From A Biographical History of Central Kansas, Vol. I, p. 200
published by The Lewis Publishing Co, Chicago & New York, 1902


   The safety of the republic depends not so much upon methods and measures as upon that manhood from whose deep sources all that is precious and permanent in life must at last proceed.  Macaulay has said that the history of the nation is best told in the lives of its individual citizens and it is the men of prominence in a community by which that community is judged.  Among the representative and highly respected residents of Rice county is J T Nash, who is now occupying the position of register of deeds, to which office he was elected in November, 1897, on the Republican ticket.  He has served continuously in the position since that time and his marked fidelity to duty, his ability and his faithfulness have won him the commendation of all concerned.  He has been a resident of the county since 1887 and his identity with the Sunflower state dates from 1869.

   Mr Nash is a native of Kentucky, his birth having occurred at Concord, on the Ohio river in Lewis county, July 5, 1841.  His father, Jesse Nash, was also a native of Kentucky, but the family was of German lineage and was founded in America by James Nash, the grandfather of our subject, who was born in Germany and spent his last days in Evansville, Indiana.  He was a farmer by occupation and upon the family homestead Jesse Nash grew to manhood.  After arriving at years of maturity he married Miss Cynthia Sparks, who was born in Fleming county, Kentucky, and was a representative of one of the old and worthy families of that state.  The young people began their domestic life in Kentucky, where they remained until 1866, when the removed to Jasper county, Indiana.  For many years of his active business career Mr Nash engaged in dealing in lumber.  He eventually returned to his native state, where his death occurred in 1884, but his wife passed away in Franklin county, Kansas, when sixty-eight years of age.  She was a member of the Christian church, and in his political views Mr Nash was a Republican.  They became the parents of the following children:  G W, Eliza, Elizabeth, James H, John T, Jesse, Sarah, Mary B, Adolphus S and Theophilus.  The last named died in Sterling, Kansas, aged fifty-five years.  He had followed merchandising in Rice county, had served as a county official and was well known in that portion of the state, being an active factor in business and public affairs.

   J T Nash, whose name introduces this record, was reared in Kentucky and acquired his education in the subscription schools.  In his youth he became connected with the lumber business.  At the time of the Civil war he offered his services to the government, enlisting in June, 1861, for three years as a member of Company A, Third Ohio Infantry.  He remained at the front for two years, serving in West Virginia, Kentucky and Tennessee.  At Murfreesboro he was wounded, after which he received an honorable discharge.  Later he raised a company, which became Company A, of the Forty-fifth Mounted Infantry of Kentucky, and was its orderly sergeant.  Later he was commissioned first lieutenant of Company I, but refused the lieutenancy, preferring to remain with his old comrades of Company A.  With that command he participated in the engagement at King’s Salt Works against the forces of General Morgan.  He was also in the battle of Lexington and Cynthiana, Kentucky, and in other engagements.  Wherever duty called he was found at his post and was always faithful to the starry banner of the nation.  When the war was over he received an honorable discharge and gladly returned to his home.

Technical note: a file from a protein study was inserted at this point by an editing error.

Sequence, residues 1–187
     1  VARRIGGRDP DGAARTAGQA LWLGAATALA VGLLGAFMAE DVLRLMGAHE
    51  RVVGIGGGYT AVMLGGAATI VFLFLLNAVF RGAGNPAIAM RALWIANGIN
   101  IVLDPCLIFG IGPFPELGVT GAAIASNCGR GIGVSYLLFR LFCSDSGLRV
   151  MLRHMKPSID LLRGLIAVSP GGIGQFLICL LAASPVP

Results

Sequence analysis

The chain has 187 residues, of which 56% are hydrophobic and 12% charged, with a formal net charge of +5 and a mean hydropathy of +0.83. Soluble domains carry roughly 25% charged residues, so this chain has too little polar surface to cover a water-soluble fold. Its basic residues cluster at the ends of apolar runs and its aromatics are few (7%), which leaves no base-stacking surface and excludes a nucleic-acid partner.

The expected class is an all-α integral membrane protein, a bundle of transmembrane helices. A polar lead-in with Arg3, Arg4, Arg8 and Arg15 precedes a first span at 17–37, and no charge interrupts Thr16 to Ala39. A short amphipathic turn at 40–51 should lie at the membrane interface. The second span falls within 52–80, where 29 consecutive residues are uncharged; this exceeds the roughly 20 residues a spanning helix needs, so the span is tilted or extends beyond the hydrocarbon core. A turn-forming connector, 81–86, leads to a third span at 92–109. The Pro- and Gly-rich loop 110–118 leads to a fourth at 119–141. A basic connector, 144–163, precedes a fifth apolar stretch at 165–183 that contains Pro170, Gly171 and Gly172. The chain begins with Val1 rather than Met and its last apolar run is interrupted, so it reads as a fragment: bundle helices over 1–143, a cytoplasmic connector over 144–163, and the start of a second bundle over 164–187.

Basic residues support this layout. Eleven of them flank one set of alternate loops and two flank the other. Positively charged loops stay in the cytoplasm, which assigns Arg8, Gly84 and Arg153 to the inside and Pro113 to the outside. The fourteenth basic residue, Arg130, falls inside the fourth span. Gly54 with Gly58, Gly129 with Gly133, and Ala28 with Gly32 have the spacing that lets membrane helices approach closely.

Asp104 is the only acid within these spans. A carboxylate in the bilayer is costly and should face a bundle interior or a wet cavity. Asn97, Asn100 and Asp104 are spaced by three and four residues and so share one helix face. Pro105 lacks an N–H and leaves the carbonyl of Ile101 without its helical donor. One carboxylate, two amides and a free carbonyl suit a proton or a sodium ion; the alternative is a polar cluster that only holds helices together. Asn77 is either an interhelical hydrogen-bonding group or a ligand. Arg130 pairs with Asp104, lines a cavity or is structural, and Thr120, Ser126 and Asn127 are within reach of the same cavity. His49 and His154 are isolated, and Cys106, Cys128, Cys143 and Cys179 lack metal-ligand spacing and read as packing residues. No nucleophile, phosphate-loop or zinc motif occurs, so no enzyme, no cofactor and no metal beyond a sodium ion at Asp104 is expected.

Mr Nash afterward went to Lafayette, Indiana, where he resided from 1865 until 1869, his time and attention being devoted to carpentering and contracting.  In the latter year he emigrated to Kansas, taking up his abode in Franklin county.  He lived in Ottawa until 1887, when he came to Lyons, Kansas, becoming an active factor in the building interests of the city.  Here as a carpenter and contractor he carried on operations until elected to public office, and erected many of the substantial structures of the city, which still stand as monuments of his thrift and enterprise.  He lived most faithfully up to the terms of his contracts and the reputation which he enjoys in the business circles is an unassailable one.

   Mr Nash was united in marriage in Franklin county, Kansas, in 1872, to Miss Mary A Alford, of that county, who was born in Woodsfield, Monroe county, Ohio, and was reared and educated there.  She had one brother who was a soldier in the Civil war and died of wounds received in battle.  Three children grace their union:  Warren; Ella, who is assisting her father as deputy register of deeds in the office at Lyons; and Daniel, who is a student in the high school.  The family is one widely and favorably known in this community and the members of the household occupy prominent positions in social circles.  Mr Nash is an advocate of Republican principles and does all in his power to promote the growth and secure the success of the party.  His fitness for office, his reliability and his devotion to the general good led to his selection for the position of register of deeds, in which incumbency he is now serving, by re-election in the fall of 1899.  He is a member of the Grand Army of the Republic, belongs to the Masonic fraternity; the Royal Arch degree of Sterling Chapter, No. 50.  He is also identified with the Knights of Pythias fraternity, and his wife is a member of the Methodist Episcopal church.  A man of intelligence, straightforward in business, genial and approachable in manner, J T Nash ranks among the popular and valued citizens of Lyons.